I was involved in a discussion/virtual fistfight this week in NextDoor, the social media platform that seems to attract the most contentious people.
Someone had posted in our neighborhood group to remind people to wear masks when in public spaces. Most people here seem to be wearing masks, but not everyone, and the numbers seem a little worse lately, maybe because of pandemic fatigue.
I spoke up to thank her for her post and to add that a city ordinance actually requires masks outside as well as in indoor spaces. I posted a link to the ordinance on the city’s website.
All hell broke loose in response to both of our posts. To be fair, most people who responded echoed the call for masks and social distancing. But a few people did not. And, of course, the rabid anti-maskers were the loudest.
The city ordinance requires masks in outdoor spaces for people who are within 10 feet of another person and don’t have medical conditions that make mask use problematic. So let’s say you’re out walking your dog. If you can stay 10 feet away from any other person for the whole time, you technically do not need a mask. But this is a densely populated city. Most sidewalks and many streets are narrow. Unless you’re out at very early or very late, in most neighborhoods it would be difficult to be certain that you can always maintain your distance from other people. There’s nothing wrong with wearing a mask around your neck or dangling from one ear when you’re truly alone (except for members of your own household). But if you see anyone approaching, you would be required to put the mask on properly before you’re within 10 feet of each other, or to step off the sidewalk or cross the street, or otherwise put some distance between your unmasked self and the other pedestrians.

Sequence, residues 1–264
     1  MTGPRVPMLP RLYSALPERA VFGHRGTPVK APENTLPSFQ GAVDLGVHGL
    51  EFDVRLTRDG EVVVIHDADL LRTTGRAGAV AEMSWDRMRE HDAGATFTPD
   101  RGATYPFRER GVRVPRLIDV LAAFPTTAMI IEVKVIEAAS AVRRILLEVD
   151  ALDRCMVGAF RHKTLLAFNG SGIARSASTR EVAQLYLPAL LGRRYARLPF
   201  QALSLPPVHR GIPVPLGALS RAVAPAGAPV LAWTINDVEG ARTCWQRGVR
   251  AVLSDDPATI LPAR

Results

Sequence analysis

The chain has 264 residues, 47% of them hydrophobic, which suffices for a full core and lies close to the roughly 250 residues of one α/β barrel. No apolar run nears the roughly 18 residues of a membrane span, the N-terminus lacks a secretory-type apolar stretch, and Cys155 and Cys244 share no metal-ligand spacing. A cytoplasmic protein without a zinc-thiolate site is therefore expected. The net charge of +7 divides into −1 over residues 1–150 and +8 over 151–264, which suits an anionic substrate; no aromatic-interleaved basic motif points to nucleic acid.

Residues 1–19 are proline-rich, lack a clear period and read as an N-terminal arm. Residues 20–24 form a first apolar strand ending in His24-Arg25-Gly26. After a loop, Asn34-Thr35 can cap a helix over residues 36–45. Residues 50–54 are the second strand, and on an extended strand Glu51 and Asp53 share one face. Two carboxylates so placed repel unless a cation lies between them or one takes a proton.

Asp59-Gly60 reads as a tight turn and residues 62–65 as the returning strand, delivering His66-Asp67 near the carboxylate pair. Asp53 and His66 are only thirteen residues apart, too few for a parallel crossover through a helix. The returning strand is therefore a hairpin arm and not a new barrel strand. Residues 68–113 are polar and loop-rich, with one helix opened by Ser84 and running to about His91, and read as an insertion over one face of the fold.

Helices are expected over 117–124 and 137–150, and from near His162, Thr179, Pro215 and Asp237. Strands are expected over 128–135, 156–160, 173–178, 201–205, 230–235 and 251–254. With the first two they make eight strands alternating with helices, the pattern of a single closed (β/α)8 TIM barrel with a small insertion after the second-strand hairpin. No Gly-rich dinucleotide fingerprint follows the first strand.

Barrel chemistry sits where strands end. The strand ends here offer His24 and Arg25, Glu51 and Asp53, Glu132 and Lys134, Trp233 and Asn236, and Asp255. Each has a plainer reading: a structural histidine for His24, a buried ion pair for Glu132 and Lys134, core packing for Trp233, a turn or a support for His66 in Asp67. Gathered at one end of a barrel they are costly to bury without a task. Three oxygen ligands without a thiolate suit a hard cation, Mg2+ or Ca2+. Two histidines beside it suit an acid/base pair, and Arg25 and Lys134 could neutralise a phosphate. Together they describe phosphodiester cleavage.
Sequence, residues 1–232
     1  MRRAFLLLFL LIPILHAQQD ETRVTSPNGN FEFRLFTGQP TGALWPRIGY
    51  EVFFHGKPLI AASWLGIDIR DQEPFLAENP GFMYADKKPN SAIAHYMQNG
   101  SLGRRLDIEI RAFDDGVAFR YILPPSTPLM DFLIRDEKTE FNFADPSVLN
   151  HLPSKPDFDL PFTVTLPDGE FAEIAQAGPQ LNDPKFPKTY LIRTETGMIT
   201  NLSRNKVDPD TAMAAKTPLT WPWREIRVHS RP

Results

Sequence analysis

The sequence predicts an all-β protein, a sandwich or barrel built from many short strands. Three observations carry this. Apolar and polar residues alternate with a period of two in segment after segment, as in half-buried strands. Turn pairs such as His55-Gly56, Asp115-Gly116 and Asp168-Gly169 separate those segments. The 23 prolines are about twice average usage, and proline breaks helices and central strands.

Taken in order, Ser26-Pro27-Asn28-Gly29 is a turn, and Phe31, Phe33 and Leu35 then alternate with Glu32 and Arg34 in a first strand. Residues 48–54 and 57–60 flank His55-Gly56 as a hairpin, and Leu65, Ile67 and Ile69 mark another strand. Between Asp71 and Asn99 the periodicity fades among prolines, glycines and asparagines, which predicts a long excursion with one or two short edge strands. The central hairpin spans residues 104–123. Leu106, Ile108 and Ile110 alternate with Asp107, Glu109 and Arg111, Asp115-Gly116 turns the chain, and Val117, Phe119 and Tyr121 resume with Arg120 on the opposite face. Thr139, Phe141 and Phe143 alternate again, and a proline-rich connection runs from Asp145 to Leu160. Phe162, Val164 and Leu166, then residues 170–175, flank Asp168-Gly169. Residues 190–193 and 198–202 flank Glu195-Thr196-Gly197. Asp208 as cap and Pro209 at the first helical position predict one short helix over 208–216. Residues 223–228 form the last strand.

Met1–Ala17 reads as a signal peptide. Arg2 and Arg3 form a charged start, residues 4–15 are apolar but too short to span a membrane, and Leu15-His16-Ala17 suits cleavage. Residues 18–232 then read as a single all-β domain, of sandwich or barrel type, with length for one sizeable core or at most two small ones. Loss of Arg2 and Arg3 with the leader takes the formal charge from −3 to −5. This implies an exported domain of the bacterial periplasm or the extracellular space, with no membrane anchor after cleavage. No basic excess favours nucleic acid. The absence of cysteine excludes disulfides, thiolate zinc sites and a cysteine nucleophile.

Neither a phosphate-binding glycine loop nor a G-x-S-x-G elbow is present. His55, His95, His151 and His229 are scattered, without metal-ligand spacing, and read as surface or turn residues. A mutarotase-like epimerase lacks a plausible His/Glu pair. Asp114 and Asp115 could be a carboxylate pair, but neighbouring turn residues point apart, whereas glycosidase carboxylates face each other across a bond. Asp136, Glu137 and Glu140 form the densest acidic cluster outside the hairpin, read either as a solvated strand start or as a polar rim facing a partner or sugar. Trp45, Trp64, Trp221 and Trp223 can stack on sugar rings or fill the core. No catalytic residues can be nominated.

The anti-mask responses broke down along predictable lines. Some of them wanted to dispute the exact interpretation of the city ordinance. One person was convinced that masks are not required if you’re near other people for only the short time it takes to pass them on the sidewalk. He gave no indication of where he got this idea; nothing in the ordinance puts a time limit on the exposure.